Cotswold Archaeology made an exciting discovery of part of a Roman cemetery during excavations at Cotswold School, Gloucestershire, prior to the building of their new Maths Block. Twenty-one human burials were excavated, eighteen are most probably Roman in date, with three more suggestive of earlier Iron Age dating.
The inhumation burials were of males, females, children and infants. At least two of the adults were buried in stone cist-type graves (where the sides of the grave are faced with stone) and four infants were buried in smaller stone box cists. Similar stone cist graves have been found across southern England and are generally thought to date to the late Roman period.
“This is an exciting discovery for us” said Laurie Coleman, project manager for Cotswold Archaeology, “The use of cists and deep graves for burial has meant that many of the remains have been incredibly well preserved, which makes excavation and analysis so much easier.”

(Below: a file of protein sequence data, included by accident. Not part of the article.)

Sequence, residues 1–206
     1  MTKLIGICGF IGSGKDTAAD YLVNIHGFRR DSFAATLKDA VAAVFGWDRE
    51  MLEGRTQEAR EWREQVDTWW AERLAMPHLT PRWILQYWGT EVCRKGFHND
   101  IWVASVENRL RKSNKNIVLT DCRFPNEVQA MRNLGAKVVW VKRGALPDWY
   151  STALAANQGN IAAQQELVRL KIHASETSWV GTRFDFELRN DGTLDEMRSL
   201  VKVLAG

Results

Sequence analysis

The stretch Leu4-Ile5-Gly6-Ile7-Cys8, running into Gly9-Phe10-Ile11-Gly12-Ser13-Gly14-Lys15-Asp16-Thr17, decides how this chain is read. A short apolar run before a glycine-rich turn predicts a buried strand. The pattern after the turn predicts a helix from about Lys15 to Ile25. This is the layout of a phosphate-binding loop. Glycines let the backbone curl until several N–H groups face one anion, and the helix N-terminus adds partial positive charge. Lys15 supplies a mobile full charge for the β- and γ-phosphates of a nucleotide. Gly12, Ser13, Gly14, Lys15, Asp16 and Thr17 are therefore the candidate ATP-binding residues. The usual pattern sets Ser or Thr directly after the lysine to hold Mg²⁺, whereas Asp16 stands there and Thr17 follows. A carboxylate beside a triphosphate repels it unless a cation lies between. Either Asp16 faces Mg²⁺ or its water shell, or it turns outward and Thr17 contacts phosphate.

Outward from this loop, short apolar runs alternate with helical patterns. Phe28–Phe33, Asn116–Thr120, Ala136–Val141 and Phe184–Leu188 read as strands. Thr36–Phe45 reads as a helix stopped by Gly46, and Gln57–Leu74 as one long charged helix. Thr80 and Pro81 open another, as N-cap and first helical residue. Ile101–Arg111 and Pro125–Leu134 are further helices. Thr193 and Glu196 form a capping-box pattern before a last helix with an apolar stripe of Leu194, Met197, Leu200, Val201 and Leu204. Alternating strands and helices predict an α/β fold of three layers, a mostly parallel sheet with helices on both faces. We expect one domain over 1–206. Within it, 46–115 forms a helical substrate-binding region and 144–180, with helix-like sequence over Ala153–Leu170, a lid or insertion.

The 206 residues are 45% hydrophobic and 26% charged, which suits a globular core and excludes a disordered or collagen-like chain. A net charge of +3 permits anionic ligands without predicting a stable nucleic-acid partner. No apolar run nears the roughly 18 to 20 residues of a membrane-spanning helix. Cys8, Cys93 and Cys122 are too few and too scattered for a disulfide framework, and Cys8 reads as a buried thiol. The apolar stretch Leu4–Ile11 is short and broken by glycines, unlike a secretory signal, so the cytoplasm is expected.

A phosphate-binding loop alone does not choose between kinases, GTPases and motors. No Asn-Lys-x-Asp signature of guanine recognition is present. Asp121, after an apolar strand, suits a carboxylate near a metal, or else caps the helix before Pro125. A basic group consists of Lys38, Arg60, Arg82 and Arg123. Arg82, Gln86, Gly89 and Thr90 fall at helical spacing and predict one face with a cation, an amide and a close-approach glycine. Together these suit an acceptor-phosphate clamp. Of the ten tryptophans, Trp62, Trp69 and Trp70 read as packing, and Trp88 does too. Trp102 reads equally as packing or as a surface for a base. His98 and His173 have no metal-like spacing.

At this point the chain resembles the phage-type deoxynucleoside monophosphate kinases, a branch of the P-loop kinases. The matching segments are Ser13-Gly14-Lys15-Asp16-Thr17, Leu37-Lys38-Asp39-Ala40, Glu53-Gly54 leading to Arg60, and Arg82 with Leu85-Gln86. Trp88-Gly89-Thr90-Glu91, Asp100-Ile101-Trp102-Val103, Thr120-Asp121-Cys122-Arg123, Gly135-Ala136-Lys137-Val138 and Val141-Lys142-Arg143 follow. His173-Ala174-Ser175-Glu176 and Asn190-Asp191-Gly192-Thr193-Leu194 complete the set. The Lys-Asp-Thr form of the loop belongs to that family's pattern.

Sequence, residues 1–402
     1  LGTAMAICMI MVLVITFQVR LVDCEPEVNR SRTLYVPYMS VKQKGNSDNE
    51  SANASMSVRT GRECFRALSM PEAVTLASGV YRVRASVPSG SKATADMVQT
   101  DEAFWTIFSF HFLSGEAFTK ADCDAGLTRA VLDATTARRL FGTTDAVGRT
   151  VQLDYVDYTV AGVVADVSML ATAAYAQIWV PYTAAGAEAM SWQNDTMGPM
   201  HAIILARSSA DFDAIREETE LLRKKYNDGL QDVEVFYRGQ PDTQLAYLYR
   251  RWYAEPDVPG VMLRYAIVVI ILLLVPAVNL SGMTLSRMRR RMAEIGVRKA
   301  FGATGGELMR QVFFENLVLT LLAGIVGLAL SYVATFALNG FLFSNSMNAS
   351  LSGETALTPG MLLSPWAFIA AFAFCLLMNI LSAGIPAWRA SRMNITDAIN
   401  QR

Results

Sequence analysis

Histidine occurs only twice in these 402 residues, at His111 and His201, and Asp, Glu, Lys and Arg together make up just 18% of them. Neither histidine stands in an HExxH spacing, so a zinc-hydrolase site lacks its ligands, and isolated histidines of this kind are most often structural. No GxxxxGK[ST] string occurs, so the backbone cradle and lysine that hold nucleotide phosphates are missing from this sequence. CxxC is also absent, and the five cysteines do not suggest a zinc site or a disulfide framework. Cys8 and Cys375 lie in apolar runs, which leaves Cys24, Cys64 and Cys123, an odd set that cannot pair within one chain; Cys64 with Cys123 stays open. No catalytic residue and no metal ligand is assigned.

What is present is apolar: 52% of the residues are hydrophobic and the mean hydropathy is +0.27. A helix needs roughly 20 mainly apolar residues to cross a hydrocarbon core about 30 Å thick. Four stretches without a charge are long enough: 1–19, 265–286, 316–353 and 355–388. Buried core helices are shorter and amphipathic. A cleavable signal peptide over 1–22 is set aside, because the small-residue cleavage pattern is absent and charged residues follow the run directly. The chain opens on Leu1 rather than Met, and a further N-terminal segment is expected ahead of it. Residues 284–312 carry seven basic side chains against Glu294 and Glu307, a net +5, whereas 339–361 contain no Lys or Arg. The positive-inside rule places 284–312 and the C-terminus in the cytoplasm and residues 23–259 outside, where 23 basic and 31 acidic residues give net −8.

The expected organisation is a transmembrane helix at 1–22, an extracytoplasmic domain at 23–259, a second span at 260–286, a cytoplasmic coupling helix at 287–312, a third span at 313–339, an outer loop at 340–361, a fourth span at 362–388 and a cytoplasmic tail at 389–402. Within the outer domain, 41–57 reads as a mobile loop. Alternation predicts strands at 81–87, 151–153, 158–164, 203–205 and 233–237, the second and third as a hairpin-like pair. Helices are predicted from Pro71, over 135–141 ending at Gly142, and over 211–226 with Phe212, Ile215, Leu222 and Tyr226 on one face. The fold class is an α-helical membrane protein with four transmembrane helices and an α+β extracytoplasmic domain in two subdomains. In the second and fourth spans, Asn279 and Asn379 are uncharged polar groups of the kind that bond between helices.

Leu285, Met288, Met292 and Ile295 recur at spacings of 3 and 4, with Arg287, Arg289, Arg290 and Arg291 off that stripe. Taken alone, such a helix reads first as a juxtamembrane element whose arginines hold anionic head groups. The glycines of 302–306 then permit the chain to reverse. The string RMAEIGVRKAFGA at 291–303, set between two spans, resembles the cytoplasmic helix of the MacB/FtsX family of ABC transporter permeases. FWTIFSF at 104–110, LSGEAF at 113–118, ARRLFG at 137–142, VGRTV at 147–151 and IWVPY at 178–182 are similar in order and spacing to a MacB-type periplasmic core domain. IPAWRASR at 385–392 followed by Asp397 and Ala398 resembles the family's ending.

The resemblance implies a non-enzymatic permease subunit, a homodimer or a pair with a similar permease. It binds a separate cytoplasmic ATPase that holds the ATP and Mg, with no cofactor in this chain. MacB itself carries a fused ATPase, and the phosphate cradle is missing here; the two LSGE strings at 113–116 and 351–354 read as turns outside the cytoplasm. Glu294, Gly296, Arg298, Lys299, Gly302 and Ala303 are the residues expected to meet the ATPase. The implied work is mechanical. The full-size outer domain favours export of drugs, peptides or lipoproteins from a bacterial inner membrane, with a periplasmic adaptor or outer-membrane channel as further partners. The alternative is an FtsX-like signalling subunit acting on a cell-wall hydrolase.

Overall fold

The position of the feet of one of the child burials seems to suggest that this child was buried in a shroud. Other interesting grave finds include a Roman Denarius coin (dating to the 2nd century AD) which was probably placed in the mouth of one of the adult males, as per the Roman belief of providing payment to the ferryman Charon to row the soul of the deceased across the River Styx the land of the dead.
Earlier, Iron Age finds include a further three burials, Iron Age pottery and a group of postholes that could indicate a partial roundhouse in the south-eastern part of the site.
Pupils from Cotswold School and the nearby Bourton Primary and Great Rissington Schools were given the fantastic opportunity to see ‘archaeology in action’ on their own doorstep. Once the remains were removed to Cotswold Archaeology’s Cirencester office, pupils were treated to a fascinating talk onsite by Project Supervisor, Diarmuid O’Seaneachain: “I was able to talk to them about the work of an archaeology team and show the children exactly where important Roman and Iron Age finds had been discovered.”
Ms Val Turner from Cotswold School said: “It was just brilliant for the children to see first-hand an actual archaeological excavation. This is a superb way of learning how we find out about the past.”